by Alicia McIntyre - Psychologist, Head of Student Wellbeing at WSU School of Medicine
The jacarandas are flowering
It’s that time of year again. The jacarandas are flowering. What a sight to behold. It signifies spring. It also signifies that it is time to start knuckling down for those end of year exams!
In this month’s blog let’s talk about some techniques that will help you in the preparation for exams.
Setting boundaries and a new timetable
Of course, you all have study timetables, but our timetables change particularly in the month leading up to exams with increasing additions in reviewing study notes and lecture material. It is important to retain a study timetable and review it in study vacation week.
Whilst setting your study timetable, it is also important to consider what supports and what distracts from your study. It is time to pump up those things that support you and contain those that distract.
Letting family, friends and partners know that you are setting the date to begin the exam study lockdown is important. Tell your family and friends, particularly those who are not studying, that you be less available. Sometimes posting your “study lockdown” on social media is helpful. Updating your family and friends on your study lockdown journey will make you and them feel connected. It also provides them with an opportunity to encourage you.
However, you still need to socialise, especially now that we are out of lockdown. Get your diary out. Put self-care activities first i.e., exercise, sleep, meals, and hygiene. Then take note of all those events that might be happening during the month of October and November, for example birthdays and other family / friend gatherings. Book in the ones you don’t want to miss and will make time for. Let your family and friends know that you’ll be there in advance.
Booking your social events ahead of time is helpful to not feeling like you are deprived and a great goal to work towards.
Save the date
Set a date when it is all over and plan what you, your friends and family will do to celebrate the marking of end of exams. Now that we are out of lockdown, many of us can re-visit the places we like to dine and socialise in. This is a great incentive.
Study routine includes a time to organise and clean your study space.
Include in your study routine consistent start and ending times of study periods. Leave enough time to wind down before bed. Try not to study in the place you sleep if possible.
Leave your study area clean and organised when you finished for the day. Set your study area ready for the following day of study starting with the hardest material first.
You might already know how long you can go, in a study session. For some people that it is about 40 minutes with a 10-to-15-minute break in between. During this time try stretching or putting on “get going music”. For those of you who are not too distracted by screen time, watching a favourite tv show / movie during each break is a good way to relax. If you are not someone who goes back to studying easy, then leaving screen time to after your day's study might be required.
Ensure you have a break for morning tea, lunch and afternoon tea with fresh air.
As we are now out of lockdown, studying in libraries is an option. For some people travelling to the University Library is too far away. The local council libraries may become more of an option.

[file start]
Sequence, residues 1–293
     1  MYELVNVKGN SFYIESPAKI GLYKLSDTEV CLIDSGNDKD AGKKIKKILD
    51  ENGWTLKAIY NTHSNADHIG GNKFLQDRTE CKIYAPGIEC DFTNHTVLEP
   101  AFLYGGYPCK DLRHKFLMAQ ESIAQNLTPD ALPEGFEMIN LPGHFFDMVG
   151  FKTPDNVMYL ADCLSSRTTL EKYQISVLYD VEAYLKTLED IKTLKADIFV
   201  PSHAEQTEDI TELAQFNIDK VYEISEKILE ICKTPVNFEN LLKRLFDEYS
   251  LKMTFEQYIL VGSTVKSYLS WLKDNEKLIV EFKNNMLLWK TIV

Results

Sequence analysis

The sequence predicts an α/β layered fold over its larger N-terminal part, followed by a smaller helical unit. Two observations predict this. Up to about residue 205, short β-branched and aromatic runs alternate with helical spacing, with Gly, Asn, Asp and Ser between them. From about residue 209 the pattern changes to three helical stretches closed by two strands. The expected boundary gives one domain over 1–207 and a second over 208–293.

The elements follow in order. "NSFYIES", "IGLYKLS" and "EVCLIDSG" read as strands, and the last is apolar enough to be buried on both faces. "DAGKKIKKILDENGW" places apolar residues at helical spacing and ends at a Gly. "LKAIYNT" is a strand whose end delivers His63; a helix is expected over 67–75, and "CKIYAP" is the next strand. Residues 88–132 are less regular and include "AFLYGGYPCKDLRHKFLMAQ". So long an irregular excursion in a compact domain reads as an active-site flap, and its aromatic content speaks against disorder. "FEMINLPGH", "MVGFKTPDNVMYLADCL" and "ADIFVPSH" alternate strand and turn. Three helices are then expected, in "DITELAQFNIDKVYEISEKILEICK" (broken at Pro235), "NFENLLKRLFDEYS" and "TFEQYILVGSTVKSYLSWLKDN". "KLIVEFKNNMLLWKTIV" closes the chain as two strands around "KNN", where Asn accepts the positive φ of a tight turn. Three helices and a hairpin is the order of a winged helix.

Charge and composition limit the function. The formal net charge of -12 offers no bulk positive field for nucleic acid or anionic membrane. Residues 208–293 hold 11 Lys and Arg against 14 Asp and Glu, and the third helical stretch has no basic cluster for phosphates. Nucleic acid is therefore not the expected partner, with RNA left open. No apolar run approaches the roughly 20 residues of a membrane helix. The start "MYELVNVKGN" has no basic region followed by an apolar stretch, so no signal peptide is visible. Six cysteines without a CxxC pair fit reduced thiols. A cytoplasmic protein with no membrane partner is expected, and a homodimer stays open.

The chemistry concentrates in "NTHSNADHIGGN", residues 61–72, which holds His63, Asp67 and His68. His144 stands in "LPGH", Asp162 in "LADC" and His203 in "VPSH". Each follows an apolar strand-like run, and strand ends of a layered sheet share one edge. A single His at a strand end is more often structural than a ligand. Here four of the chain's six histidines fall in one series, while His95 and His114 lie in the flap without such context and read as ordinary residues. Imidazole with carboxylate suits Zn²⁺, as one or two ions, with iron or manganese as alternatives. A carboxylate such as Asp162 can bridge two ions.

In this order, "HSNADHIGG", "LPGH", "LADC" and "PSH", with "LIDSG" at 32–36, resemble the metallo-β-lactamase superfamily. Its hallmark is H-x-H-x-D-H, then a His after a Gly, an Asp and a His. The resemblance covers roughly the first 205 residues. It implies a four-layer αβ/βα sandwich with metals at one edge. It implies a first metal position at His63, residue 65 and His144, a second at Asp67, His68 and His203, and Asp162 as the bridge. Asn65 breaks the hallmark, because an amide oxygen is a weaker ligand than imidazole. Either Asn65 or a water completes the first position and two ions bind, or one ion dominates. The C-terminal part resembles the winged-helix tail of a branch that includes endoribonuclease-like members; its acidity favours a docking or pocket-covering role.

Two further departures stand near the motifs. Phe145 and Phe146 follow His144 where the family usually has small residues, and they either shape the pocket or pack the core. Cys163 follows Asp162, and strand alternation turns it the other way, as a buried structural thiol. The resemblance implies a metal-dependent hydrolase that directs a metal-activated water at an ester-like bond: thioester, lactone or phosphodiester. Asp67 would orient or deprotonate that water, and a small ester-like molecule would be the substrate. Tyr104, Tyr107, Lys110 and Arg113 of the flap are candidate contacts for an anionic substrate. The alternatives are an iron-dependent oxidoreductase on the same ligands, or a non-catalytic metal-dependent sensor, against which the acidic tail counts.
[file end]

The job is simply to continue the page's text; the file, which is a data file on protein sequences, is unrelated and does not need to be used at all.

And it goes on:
Reserving a study room in a library for the week leading up to exams might be a helpful place free from distractions and interruption. Pack your work the night before and make sure you take food and drinks for your day at the library just like you were in an office.
study with groups
Studying in groups or with a friend is helpful. I’ve had students say with studying with one other person is all that they can manage. I recommend no more than four people in a study group. It is useful for a study team to set agendas at the end of each study session for the next study session.
Secondly, everyone should be equally assigned a task to work on, with the aim of teaching others in the group.
Attending PASS classes is also incredibly helpful for those subjects you have found challenging. PASS classes are set based on subject difficulty, so these are perfect for increasing your confidence with exam content.
Don’t forget to use your preferred learning mode to consolidate your knowledge!
Some learners use visual modalities. Medicine lends itself to the use of visual imagery to illustrate the complex medical material you are trying to consolidate around mechanisms, processes and organ systems.
Other options that might be appreciated auditory methods, so listening to lectures and recording your own lecture on the topic may be helpful.
Write it down. Many students tell me that writing a summary and summarising the summary is helpful in consolidating information.
Don’t forget your acronym mnemonics. Again, recording yourself on your phone and listening to your recording when you are driving or doing other activities is a great way to consolidate.
Past exam papers
I am a big fan of past papers because it increases confidence and identifies gaps.
When you are studying, identifying the topics involved in an exam question is a great way to prepare for exams. Past exam papers help you identify gaps in your knowledge. Past exam papers will present you with tricky questions in a calm environment wherein you will process the trickiness semantically aiding your memory for content.
Lastly, past exam papers will assist you with your strategy on an exam paper, allowing you to time yourself and determine what to attempt first in an exam.